My engineering association offered a tour of the control room in Vancouver City Hall that controls the 750 traffic lights around throughout the city. It was very interesting. About 15 engineers and engineering studentsattended. I rarely miss these because I'm fascinated with technology and how it is applied to improve processes. I also love to see the internal workings of any operation.
I learned several things from the presentation and subequent question & answer session:
- The city has 11 cameras located in strategic areas to monitor the traffic patterns.
- The images being observed at City Hall are specifically shown less sharp than they could be in order to maintain the privacy of those vehicles being shown.
- No record of the images is being stored.
- They can theoretically control every traffic light from that control room, but don't.
- The introduction of sophisticated algorithms to improve traffic flow is being considered but has not as of yet.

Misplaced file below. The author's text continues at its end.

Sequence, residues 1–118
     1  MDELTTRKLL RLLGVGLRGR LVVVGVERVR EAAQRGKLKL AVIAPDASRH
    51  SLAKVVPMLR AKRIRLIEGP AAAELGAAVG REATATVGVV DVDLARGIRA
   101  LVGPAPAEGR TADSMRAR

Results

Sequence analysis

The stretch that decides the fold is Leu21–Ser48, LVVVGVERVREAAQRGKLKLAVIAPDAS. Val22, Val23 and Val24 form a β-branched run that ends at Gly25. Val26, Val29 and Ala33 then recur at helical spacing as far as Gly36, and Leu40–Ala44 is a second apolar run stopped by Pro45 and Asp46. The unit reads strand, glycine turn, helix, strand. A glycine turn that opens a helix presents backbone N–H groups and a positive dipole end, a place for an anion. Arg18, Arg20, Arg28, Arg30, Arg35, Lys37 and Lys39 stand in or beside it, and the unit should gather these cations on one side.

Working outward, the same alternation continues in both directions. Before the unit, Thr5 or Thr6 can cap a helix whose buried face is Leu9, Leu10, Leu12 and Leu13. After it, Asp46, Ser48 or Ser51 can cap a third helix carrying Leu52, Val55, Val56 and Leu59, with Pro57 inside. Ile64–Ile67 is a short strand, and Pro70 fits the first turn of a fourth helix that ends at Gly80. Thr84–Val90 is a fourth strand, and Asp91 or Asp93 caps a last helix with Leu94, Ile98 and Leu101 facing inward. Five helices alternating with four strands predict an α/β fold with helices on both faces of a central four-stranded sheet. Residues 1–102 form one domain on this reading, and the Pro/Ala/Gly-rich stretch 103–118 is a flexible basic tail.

- City Hall employee observations of the traffic control room at Turino during the recent Olympics revealed that any tinkering had little to no positive effect. It may just be that the number of cars on the roads during such events is so far beyond the tipping point, that congestion is unavoidable.
- Some major traffic intersections in Vancouver have both a sensor for the first car in the left turn lane, as well as the third car. If only two cars are lined up then they will not get the early free left turn. So some astute drivers have taken to pulling up where the third car normally is to beat the system. The traffic engineer giving us the presentation was intrigued by this and may implement some extra logic to stop it!